Our new cohort of students has just started, but the next modules will begin in September. If it’s the sort of thing you’ve been considering, or maybe you’ve got a few questions to work out if it’s right for you, please have a look at our website and get in touch. You’re not committing to anything, so it won’t hurt to ask, and there’s no such thing as a silly question!

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Championing Physical Activity for People Affected by Dementia

This week we hand over to Dr Chris Russell who reflects on our online course ‘Championing Physical Activity for People Affected by Dementia’. Over to you Chris…

People affected by dementia (individuals living with dementia and also members of their family and close friends) want to continue doing things they have always enjoyed. Why would this not be the case? I know, because of research that we have completed here at the Association for Dementia Studies. This has explored activities that people can participate in perhaps for interest, for a sense of fun, or purpose, encapsulated by the term ‘leisure’. Such things contribute to making us who we are; they are part of everyday life.

Leisure includes activities as diverse as painting and listening to heavy metal music, with everything in between (and extending out on both sides!). It forms part of the jigsaw of everyday life. What one person enjoys might not be the preference of the next, but there should be something there for everyone. Taking part in physical activity is an aspect of this jigsaw, and physical activity is brimming with diversity too as it can include going for a walk, dancing, playing table tennis, going to the gym etc. It might not be every person’s first preference (although for many it is in one shape or form), but when one considers just how varied these activities can be, it is a feature of most of our lives.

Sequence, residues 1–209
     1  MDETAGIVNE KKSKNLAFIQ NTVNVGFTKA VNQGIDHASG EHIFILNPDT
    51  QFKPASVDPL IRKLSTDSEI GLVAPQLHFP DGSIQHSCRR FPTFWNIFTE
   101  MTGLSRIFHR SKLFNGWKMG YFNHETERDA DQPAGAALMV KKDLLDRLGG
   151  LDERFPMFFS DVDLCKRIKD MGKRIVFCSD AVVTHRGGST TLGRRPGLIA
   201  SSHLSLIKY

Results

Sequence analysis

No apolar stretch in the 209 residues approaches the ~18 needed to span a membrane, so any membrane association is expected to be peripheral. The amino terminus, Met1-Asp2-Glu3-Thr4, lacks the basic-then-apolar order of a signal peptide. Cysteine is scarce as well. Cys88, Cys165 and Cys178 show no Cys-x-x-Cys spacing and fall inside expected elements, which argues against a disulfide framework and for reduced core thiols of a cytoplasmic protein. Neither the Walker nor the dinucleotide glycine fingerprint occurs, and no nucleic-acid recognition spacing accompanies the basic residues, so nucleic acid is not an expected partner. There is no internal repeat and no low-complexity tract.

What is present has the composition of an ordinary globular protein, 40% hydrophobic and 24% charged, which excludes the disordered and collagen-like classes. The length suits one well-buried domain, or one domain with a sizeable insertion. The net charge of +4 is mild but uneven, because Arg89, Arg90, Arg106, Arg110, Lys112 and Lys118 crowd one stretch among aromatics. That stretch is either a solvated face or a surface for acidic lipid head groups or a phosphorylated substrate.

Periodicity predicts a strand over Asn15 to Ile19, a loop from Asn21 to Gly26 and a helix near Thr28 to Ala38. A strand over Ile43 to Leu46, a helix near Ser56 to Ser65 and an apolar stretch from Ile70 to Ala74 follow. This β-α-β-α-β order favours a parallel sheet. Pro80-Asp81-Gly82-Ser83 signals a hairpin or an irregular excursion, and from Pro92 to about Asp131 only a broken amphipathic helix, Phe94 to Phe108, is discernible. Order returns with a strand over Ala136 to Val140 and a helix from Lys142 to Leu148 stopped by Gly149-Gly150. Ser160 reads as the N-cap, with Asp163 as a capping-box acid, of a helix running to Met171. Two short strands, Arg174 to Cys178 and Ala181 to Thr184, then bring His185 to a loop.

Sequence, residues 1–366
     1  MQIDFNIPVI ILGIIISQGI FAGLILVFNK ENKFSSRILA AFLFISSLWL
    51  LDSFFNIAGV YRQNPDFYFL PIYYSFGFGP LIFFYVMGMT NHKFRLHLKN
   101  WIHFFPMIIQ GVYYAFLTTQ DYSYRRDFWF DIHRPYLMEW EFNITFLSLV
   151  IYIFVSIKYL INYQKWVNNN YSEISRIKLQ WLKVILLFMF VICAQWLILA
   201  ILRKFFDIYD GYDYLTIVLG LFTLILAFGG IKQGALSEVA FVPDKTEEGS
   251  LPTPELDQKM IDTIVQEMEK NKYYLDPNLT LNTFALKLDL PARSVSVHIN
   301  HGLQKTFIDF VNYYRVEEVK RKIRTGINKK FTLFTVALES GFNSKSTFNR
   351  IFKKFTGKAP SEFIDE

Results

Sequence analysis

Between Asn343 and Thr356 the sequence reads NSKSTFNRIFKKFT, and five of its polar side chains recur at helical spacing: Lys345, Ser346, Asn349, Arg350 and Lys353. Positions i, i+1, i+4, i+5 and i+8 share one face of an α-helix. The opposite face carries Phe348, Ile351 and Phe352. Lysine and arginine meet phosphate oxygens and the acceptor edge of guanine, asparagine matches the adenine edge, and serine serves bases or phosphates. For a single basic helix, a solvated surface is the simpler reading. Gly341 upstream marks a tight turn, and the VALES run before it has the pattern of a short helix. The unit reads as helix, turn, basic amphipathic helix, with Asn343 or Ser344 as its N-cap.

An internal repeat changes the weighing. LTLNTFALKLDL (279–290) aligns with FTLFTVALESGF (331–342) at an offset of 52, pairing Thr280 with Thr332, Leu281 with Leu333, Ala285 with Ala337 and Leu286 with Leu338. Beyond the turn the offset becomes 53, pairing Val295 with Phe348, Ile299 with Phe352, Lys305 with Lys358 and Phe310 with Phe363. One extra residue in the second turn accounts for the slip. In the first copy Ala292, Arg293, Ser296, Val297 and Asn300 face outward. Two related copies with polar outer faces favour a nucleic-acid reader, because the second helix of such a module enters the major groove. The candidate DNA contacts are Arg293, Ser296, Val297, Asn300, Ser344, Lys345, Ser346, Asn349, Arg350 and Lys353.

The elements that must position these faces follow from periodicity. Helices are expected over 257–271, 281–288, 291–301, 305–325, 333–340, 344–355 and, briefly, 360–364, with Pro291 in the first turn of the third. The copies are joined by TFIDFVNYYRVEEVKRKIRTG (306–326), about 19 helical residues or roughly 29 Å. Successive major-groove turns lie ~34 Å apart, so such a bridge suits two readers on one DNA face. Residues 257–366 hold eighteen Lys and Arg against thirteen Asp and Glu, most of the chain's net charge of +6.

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Championing physical activity

We’re proud that after a successful pilot earlier this year, our online course on ‘Championing physical activity for people affected by dementia’ will be running again later this year. We are grateful that the funding we received from the Leisure Studies Association and Active Herefordshire & Worcestershire enabled us to successfully develop and pilot the course earlier this year. For the next iteration we are charging a very reasonable rate to attend the course. With this in mind we thought we’d tell you a bit more about how the course was developed and piloted, and what difference it made to students. Thanks go to other members of the Association for Dementia Studies for sharing their slides from a recent presentation about the course at the University of Worcester’s Learning and Teaching Conference.

The course logo, showing a stylised figure with its arm outstretched, and the course title 'Championing physical activity for people affected by dementia'